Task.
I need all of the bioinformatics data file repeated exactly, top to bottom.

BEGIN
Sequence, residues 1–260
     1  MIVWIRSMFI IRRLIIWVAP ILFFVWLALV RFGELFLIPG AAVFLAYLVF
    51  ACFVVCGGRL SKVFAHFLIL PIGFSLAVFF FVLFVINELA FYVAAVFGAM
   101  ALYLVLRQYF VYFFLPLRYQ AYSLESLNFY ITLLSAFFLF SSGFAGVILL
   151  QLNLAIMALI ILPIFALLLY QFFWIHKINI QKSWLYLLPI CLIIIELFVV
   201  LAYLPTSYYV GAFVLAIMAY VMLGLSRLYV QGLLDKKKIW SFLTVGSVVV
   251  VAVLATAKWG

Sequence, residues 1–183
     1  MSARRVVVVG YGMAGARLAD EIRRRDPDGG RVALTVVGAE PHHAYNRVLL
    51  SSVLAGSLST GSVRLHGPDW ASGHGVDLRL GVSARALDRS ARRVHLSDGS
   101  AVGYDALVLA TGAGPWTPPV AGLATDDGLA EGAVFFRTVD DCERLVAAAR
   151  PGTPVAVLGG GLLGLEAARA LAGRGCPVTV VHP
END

Sequence, residues 1–260
     1  MIVWIRSMFI IRRLIIWVAP ILFFVWLALV RFGELFLIPG AAVFLAYLVF
    51  ACFVVCGGRL SKVFAHFLIL PIGFSLAVFF FVLFVINELA FYVAAVFGAM
   101  ALYLVLRQYF VYFFLPLRYQ AYSLESLNFY ITLLSAFFLF SSGFAGVILL
   151  QLNLAIMALI ILPIFALLLY QFFWIHKINI QKSWLYLLPI CLIIIELFVV
   201  LAYLPTSYYV GAFVLAIMAY VMLGLSRLYV QGLLDKKKIW SFLTVGSVVV
   251  VAVLATAKWG

Sequence, residues 1–183
     1  MSARRVVVVG YGMAGARLAD EIRRRDPDGG RVALTVVGAE PHHAYNRVLL
    51  SSVLAGSLST GSVRLHGPDW ASGHGVDLRL GVSARALDRS ARRVHLSDGS
   101  AVGYDALVLA TGAGPWTPPV AGLATDDGLA EGAVFFRTVD DCERLVAAAR
   151  PGTPVAVLGG GLLGLEAARA LAGRGCPVTV VHP